Nelarabine and ara-G did not significantly inhibit the activities of the human hepatic cytochrome P450 isoenzymes 1A2, 2A6, 2B6, 2C8, 2C9, 2C19, 2D6, or 3A4 in vitro at concentrations of nelarabine and ara-G up to 100 μM.

Administration of fludarabine 30 mg/m2 as a 30-minute infusion 4 hours before a 1,200 mg/m2 infusion of nelarabine did not affect the pharmacokinetics of nelarabine, ara-G, or ara-GTP in 12 patients with refractory leukemia.

CLINICAL STUDIES

The safety and efficacy of ARRANON were evaluated in two open-label, single-arm, multicenter studies.

Pediatric Clinical Study

The safety and efficacy of ARRANON in pediatric patients were studied in a clinical trial conducted by the Children’s Oncology Group (COG P9673). This study included patients 21 years of age and younger, who had relapsed or refractory T-cell acute lymphoblastic leukemia (T-ALL) or T-cell lymphoblastic lymphoma (T-LBL). Eighty-four (84) patients, 39 of whom had received two or more prior induction regimens, were treated with 650 mg/m2/day of ARRANON administered intravenously over 1 hour daily for 5 consecutive days repeated every 21 days (see Table 1). Patients who experienced signs or symptoms of grade 2 or greater neurologic toxicity on therapy were to be discontinued from further therapy with ARRANON.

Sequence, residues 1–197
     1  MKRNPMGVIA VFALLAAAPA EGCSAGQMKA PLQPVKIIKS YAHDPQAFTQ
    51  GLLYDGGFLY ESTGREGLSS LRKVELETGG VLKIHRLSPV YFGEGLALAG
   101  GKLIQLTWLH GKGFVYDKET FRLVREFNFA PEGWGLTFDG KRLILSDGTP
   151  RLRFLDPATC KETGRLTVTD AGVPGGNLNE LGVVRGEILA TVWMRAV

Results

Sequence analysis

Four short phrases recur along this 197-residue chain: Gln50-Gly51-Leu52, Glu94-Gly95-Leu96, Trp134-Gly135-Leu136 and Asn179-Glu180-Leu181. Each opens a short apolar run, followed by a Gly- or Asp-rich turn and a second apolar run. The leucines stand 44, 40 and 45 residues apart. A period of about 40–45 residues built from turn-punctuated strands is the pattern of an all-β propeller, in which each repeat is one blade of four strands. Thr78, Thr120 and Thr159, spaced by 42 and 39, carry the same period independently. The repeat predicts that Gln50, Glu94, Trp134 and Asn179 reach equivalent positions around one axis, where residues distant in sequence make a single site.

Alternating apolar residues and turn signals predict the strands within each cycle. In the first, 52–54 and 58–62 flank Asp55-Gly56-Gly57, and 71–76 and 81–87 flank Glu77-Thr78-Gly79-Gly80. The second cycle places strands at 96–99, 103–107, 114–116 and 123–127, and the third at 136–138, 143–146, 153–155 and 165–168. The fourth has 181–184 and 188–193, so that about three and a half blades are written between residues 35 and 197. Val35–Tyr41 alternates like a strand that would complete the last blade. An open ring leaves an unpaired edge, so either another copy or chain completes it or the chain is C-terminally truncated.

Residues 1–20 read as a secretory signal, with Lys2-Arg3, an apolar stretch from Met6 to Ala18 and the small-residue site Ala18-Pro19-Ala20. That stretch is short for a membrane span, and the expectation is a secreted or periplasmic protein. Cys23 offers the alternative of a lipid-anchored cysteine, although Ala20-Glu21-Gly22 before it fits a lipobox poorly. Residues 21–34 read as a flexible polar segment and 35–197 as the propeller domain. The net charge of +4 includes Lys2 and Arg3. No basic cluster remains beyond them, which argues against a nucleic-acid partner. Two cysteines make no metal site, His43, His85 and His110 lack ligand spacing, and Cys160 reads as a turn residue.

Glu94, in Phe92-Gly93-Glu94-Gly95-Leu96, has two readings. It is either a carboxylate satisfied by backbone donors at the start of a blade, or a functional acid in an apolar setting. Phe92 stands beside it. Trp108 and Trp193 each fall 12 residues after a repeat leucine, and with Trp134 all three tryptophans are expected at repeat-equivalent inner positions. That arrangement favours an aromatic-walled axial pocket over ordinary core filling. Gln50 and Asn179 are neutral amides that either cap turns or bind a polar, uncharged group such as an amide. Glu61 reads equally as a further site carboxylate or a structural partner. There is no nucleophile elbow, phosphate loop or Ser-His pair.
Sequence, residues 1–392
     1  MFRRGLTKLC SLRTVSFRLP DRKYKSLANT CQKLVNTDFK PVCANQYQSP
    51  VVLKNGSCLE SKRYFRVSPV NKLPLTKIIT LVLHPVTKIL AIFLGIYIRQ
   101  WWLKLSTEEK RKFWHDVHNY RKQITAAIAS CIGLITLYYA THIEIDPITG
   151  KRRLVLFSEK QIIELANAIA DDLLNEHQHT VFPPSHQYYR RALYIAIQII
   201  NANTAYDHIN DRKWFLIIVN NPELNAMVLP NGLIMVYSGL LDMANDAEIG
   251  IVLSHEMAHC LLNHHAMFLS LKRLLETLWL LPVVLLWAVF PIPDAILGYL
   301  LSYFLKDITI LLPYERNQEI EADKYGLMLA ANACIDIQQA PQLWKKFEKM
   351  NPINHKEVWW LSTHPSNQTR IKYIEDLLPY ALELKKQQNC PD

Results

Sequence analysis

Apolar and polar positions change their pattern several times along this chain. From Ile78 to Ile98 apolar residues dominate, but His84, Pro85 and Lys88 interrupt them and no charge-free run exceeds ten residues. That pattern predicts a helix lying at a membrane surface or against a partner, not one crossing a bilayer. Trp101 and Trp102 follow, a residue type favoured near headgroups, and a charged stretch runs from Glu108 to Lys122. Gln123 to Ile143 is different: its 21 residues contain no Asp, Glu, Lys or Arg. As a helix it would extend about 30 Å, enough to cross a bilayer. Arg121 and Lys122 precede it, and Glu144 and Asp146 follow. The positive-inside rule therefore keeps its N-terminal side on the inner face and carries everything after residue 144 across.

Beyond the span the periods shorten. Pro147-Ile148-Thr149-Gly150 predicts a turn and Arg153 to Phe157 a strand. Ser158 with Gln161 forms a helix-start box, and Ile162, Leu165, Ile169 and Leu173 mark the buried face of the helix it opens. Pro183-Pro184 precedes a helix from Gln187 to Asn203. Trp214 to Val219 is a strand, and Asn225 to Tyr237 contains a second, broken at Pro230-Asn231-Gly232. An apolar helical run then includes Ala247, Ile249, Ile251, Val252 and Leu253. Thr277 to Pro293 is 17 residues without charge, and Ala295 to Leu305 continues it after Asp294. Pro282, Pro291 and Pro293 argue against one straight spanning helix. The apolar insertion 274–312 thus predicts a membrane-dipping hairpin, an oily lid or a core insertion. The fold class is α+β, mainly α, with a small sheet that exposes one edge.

Table 1. Pediatric Clinical Study - Patient Allocation

Patient Population

N

Patients treated at 650 mg/m2/dayx 5 days every 21 days.

84

Patients with T-ALL or T-LBL with two or more prior induction treated at 650 mg/m2/dayx 5 days every 21 days.

39

Patients with T-ALL or T-LBL with one prior induction treated at 650 mg/m2/dayx 5 days every 21 days.

31

The 84 patients ranged in age from 2.5-21.7 years (overall mean, 11.9 years), 52% were 3 to 12 years of age and most were male (74%) and Caucasian (62%). The majority (77%) of patients had a diagnosis of T-ALL.